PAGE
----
As prices for calves continue to reach historic levels, beef cattle producers could see increased revenue by implementing cost-effective calf management practices.
By: Blair Fannin, Texas A&M AgriLife Extension Service
A new Farm Assistance study conducted by specialists with the Texas A&M AgriLife Extension Service reveals cattle producers can add significant net cash farm income to their operations on top of already high cattle prices by implementing cost-effective calf management practices.
As prices for calves continue to reach historic levels, beef cattle producers could see increased revenue by implementing blackleg vaccinations, castrations and implants, as well as deworming. However, many ranchers do not elect to do so and could be missing significant additions to revenue, according to economists.
"The financial performance and condition of most South Texas cow-calf operations will continue to be supported by off-farm income, hunting and other sources of income," said Mac Young, AgriLife Extension economist. "At the same time, implementing cost-effective calf management practices offers cow-calf producers the potential to improve profitability."
Texas ranchers have welcomed rains throughout the spring and summer, which have improved forage conditions and increased interest in herd rebuilding, Young said.
"As a result, demand and prices for feeder calves and prices for replacements have increased," he said. "Cow-calf producers in South Texas routinely make management decisions to adapt to weather, market and economic conditions. Various calf management practices can be critical to herd performance and profits. Successful managers will find ways to improve their operations by adopting better and cost-effective approaches to doing things."
The study focused on a 2,000-acre ranch consisting of 1,800 acres of native pasture and 200 acres of established Coastal Bermuda used for grazing only. Under normal stocking rates, the cowherd included 200 cows or a stocking rate of one animal unit to 10 acres and eight bulls or one bull to 25 cows.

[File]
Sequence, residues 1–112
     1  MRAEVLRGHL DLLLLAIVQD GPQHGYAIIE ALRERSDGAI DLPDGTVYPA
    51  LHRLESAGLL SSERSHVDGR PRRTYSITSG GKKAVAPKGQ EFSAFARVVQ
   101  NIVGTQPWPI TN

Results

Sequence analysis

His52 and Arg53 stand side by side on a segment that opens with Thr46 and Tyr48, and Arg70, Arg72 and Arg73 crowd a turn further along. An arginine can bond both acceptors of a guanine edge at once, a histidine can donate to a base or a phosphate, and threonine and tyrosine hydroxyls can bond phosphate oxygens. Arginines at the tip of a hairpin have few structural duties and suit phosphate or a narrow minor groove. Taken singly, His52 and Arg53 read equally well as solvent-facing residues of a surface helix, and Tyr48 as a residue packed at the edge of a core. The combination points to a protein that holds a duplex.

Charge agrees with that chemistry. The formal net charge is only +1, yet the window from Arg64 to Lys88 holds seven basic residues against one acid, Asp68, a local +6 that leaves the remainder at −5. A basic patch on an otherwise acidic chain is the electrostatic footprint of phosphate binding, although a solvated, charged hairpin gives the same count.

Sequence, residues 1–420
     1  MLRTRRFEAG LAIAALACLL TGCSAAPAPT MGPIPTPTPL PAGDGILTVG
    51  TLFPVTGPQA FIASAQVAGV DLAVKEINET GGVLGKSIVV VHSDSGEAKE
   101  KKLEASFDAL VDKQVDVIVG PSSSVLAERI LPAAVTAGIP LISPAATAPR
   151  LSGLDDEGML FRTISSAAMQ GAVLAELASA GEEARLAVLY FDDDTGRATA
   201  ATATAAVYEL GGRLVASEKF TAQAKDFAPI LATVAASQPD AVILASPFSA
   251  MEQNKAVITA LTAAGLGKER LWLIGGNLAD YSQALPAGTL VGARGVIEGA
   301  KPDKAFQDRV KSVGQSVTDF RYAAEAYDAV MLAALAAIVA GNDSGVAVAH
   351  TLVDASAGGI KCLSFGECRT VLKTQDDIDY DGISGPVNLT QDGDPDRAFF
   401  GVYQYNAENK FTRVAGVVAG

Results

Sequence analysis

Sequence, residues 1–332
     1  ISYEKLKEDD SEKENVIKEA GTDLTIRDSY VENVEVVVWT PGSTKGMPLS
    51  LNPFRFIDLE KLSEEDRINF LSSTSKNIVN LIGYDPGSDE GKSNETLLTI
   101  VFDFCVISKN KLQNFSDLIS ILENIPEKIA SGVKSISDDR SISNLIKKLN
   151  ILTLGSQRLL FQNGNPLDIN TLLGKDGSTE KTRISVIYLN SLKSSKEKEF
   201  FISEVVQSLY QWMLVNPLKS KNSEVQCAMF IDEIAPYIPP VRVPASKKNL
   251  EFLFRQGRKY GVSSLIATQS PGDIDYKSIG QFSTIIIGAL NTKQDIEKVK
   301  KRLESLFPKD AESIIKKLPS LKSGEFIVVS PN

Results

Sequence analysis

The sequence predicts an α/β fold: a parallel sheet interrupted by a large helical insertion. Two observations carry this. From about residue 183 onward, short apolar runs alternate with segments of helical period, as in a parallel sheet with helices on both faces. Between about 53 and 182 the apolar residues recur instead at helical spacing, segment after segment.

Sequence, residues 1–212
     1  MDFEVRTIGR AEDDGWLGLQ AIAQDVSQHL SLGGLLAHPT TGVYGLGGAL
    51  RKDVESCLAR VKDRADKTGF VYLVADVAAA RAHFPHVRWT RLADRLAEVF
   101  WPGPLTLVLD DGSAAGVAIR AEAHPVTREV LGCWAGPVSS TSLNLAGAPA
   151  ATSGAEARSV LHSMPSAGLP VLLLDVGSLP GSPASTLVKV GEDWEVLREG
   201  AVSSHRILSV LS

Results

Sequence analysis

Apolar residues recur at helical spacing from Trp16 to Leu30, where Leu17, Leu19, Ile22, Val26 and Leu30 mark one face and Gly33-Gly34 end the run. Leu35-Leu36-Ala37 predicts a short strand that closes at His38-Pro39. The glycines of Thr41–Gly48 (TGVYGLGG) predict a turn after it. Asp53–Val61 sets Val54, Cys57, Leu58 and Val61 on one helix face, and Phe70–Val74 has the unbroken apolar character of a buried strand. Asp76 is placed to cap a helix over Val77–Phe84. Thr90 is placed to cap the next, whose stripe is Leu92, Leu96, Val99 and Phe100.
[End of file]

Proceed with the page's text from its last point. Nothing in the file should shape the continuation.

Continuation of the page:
The study took in consideration production inputs, yields, costs and overhead charges based on typical rates for the region. In 2014, hunting income for the ranch was $10 an acre. Assets, debts, machinery inventory and scheduled equipment replacements for the projection period were the same in all management scenarios.
"We took in consideration all four scenarios, which were clostridial vaccinations, castration and implants, deworming and all calf management," Young said. "All four calf management practices that were evaluated offer potentially to significantly increase profitability of an operation."
With no selected calf management practices, average net cash farm income was $76,970 a year or $385 a cow per year and $428 a calf per year. An all calf management program of clostridial vaccinations, castration/implants and deworming led to net cash farm income of $89,360, representing $477 a cow per year and $496 a calf per year.
"This reflects a 16.1 percent increase or $12,390 increase versus no calf management practices," Young said.
He said while the financial performance and condition of most South Texas cow-calf operations will continue to be supported by off-farm income, implementing these practices can have a significant positive impact on profitability.